For the last two years, the World Association Girl Guides and Girl Scouts’ (WAGGGS), World Thinking Day themes have set the foundation for peacebuilding: we have empowered leaders and explored why it is important for our communities to be rich in diversity, equity and inclusion. In this year’s activity pack, Girl Guides and Girl Scouts in 152 countries will become better peace builders so we can truly live out our global promise. You can find the Activity Pack here.

How to Earn Your Badge

Complete one activity from each section of the activity pack: Stand Strong, Stand-Up, Stand Together, then complete the Our Global Promise activity. Once you’ve completed the activities, you can get your WAGGGS World Thinking Day badge from the shop.

Join Anna and Krista

Anna and Krista are lifetime  Girl Scouts and have participated in international Guiding and Scouting opportunities including World Thinking Day events at Pax Lodge and Sangam World Centres, and the Juliette Low Seminar.

This year, because of COVID-19, most activities look a little different. Anna and Krista will be hosting World Thinking Day activities online. They welcome everyone to participate with them on TikTok or Instagram to earn the World Thinking Day badge!

Here’s how you can participate:

  1. Follow the project on TikTok (@jls100girls) and Instagram (@jls100girls).
  2. Learn from an informational video about World Thinking Day.
  3. Participate in the three activities and the Global Promise activity.
  4. Like, comment on, and share the videos.

You can complete the activities and let us know in a variety of ways. On TikTok, you can duet, stitch, use our sounds, or make a new video, and tag us. On Instagram, you can post photos or videos and tag us. Or, if you’re uncomfortable sharing your photos or videos publicly, you can send them to us privately at jls100girls@gmail.com. Once you’ve completed all the activities, you’ve earned the World Thinking Day badge!

Did you enjoy World Thinking Day? Well, don’t go anywhere yet! Anna and Krista will be continuing to post activities you and your troop can do from home on TikTok and Instagram. These activities will focus on the WAGGGS Leadership Mindsets, the United Nations Sustainable Development Goals, and how to build a Gold Award project!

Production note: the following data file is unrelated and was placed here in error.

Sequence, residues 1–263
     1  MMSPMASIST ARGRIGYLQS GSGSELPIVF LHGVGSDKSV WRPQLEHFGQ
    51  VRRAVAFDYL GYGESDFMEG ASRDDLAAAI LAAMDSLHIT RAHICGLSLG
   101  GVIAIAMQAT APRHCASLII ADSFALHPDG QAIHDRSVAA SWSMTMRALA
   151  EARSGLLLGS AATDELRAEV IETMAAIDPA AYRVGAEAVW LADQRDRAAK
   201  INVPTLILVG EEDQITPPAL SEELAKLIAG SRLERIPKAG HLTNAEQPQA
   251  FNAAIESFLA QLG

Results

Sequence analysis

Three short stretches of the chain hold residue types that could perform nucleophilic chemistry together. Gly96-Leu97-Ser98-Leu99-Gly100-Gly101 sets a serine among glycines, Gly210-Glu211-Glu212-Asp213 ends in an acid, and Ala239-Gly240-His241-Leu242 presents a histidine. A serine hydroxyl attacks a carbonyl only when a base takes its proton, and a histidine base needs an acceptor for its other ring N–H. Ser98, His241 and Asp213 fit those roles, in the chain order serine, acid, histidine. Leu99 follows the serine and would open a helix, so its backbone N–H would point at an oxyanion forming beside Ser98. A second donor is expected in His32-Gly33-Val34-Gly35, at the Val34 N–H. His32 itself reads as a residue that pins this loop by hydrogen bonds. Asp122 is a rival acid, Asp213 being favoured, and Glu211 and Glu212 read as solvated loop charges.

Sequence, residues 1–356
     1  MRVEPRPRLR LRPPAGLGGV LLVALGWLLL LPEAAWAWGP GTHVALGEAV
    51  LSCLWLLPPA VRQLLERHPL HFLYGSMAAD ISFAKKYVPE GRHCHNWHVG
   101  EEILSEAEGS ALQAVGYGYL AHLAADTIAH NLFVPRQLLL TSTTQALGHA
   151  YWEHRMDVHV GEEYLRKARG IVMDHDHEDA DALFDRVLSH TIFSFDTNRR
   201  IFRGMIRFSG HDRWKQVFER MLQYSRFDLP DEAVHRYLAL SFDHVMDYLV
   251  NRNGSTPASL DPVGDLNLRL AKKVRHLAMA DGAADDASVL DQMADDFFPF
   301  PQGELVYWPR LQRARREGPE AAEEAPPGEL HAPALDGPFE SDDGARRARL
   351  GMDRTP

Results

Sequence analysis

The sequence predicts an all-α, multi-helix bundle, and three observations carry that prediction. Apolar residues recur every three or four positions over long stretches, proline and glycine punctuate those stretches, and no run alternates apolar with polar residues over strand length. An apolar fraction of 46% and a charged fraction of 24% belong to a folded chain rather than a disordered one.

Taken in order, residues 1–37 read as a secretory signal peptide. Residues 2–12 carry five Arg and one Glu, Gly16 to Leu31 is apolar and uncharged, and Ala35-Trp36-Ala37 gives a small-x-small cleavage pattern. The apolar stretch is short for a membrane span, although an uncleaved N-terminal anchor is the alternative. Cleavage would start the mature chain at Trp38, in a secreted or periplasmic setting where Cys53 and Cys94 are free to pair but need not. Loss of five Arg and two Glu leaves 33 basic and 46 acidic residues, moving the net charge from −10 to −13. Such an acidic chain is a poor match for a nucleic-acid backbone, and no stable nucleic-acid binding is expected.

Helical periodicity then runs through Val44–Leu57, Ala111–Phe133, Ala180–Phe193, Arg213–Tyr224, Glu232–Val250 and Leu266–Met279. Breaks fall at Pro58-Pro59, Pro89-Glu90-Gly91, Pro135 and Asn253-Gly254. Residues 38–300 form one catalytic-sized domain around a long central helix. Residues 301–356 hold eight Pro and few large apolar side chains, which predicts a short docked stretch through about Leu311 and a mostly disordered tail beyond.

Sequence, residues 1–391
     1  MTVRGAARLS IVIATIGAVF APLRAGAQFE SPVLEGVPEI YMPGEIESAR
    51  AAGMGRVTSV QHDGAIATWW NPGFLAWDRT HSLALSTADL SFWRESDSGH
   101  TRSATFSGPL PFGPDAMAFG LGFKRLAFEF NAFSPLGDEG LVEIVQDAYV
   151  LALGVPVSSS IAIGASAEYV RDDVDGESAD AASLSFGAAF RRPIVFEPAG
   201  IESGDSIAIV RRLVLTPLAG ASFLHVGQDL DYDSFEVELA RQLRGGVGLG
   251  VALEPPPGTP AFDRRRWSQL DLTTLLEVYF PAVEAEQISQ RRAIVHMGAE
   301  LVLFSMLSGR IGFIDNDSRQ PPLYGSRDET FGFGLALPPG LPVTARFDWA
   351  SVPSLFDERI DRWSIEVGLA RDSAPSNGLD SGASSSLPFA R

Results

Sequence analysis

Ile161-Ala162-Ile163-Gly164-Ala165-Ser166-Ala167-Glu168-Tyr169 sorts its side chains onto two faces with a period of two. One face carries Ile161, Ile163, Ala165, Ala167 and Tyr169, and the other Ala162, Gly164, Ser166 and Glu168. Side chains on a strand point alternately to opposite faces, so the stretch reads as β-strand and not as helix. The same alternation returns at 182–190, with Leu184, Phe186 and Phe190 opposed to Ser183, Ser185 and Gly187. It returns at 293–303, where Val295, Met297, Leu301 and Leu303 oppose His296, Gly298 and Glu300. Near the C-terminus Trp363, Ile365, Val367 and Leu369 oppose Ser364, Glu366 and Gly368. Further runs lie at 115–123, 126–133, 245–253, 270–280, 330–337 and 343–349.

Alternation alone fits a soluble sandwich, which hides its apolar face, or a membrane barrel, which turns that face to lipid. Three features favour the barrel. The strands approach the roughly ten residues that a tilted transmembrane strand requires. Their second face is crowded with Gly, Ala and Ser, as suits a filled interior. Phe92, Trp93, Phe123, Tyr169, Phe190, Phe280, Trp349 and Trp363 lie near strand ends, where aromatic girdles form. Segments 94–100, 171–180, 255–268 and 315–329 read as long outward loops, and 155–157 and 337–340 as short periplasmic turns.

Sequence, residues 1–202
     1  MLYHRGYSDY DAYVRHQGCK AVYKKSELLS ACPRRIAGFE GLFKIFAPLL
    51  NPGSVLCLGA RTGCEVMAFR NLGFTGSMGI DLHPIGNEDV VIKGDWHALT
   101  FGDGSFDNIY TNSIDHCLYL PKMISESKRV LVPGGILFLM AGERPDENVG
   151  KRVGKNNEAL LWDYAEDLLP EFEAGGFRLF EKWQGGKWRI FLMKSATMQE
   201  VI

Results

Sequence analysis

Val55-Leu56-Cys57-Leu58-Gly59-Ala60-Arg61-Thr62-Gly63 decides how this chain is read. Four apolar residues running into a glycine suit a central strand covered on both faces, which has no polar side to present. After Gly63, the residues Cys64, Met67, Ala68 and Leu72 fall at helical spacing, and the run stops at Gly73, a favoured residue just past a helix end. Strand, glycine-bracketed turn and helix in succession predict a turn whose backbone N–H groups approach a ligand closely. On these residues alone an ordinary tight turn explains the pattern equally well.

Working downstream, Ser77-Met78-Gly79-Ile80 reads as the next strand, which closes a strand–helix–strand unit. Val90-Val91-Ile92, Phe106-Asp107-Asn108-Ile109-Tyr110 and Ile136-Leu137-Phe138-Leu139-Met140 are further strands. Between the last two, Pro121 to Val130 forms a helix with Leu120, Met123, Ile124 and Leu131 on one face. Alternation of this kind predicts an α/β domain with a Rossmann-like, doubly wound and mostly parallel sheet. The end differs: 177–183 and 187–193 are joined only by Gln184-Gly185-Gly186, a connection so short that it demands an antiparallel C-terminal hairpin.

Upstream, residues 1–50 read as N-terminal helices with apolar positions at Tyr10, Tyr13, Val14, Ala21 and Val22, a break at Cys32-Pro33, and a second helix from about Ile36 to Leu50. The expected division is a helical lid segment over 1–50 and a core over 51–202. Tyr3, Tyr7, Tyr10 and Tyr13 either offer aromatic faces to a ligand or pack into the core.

We want to hear how your girl is using her Girl Scout skills by taking initiative, caring for the community, and Girl Scouting at home. She can send in her story here.

Finding New Ways to Meet Cookie Goals

Submitted by Kristal Boni

Northern & Northeastern CO


Cate has had a very successful cookie season by making a few modifications. She has been a diligent Porch Pixie with deliveries. She uses text messaging to notify her customers of their delivery and includes a thank you note with each order. For Valentine’s week, she made special heart notes and included a little treat. Additionally, when it comes to booth sales, she is double-masked and gloved up with ample supplies of hand sanitizer and wipes on-hand.

We want to hear how your girl is using her Girl Scout skills by taking initiative, caring for the community, and Girl Scouting at home. She can send in her story here.

Girl Scout Cookies: A Delicious History

Submitted by the GSCO History Committe

Northern & Northeastern CO


The History Center in in Loveland is more than a collection of old uniforms, books, and badges! In fact, all sorts of Girl Scout Cookies memorabilia is preserved here too, including cookie packages, tins, rewards, incentives, T-shirts, stuffed animals, hats, tote bags, and more.

In 1934, Keebler-Weyl Bakery in Philadelphia, PA was the first commercial company to bake Girl Scout Cookies. At one point, Girl Scout Cookies were baked by as many as 29 bakers across the country including United Biscuit Company of America in Chicago, IL; Bowman Biscuit in Denver, CO; Megowen Educator Food Company in Lowell, MA; Southern Biscuit Company (Famous Food of Virginia-FFV) in Richmond, VA; Burry’s Biscuit in Elizabeth, NJ and Chicago, IL; Weston Biscuit Company in Battle Creek, MI, Passaio, NJ and Burbank, CA; Brownie Baking Company, Spokane WN and Grandma Cookie Company in Portland, OR.